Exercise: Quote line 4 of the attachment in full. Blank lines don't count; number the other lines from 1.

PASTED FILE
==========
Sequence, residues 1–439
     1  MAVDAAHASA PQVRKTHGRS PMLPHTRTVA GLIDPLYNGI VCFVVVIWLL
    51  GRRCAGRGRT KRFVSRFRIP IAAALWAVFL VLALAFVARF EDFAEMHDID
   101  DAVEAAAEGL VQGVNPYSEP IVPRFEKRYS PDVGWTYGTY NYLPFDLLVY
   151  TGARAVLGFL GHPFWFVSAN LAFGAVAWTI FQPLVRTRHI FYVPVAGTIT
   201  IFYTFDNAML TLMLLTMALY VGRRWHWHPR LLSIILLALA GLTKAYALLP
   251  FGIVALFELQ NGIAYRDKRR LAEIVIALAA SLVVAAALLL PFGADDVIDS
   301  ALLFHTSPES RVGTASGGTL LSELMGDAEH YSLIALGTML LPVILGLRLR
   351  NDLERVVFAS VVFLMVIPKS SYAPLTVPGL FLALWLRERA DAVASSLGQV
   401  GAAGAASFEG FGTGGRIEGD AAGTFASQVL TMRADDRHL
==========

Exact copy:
   101  DAVEAAAEGL VQGVNPYSEP IVPRFEKRYS PDVGWTYGTY NYLPFDLLVY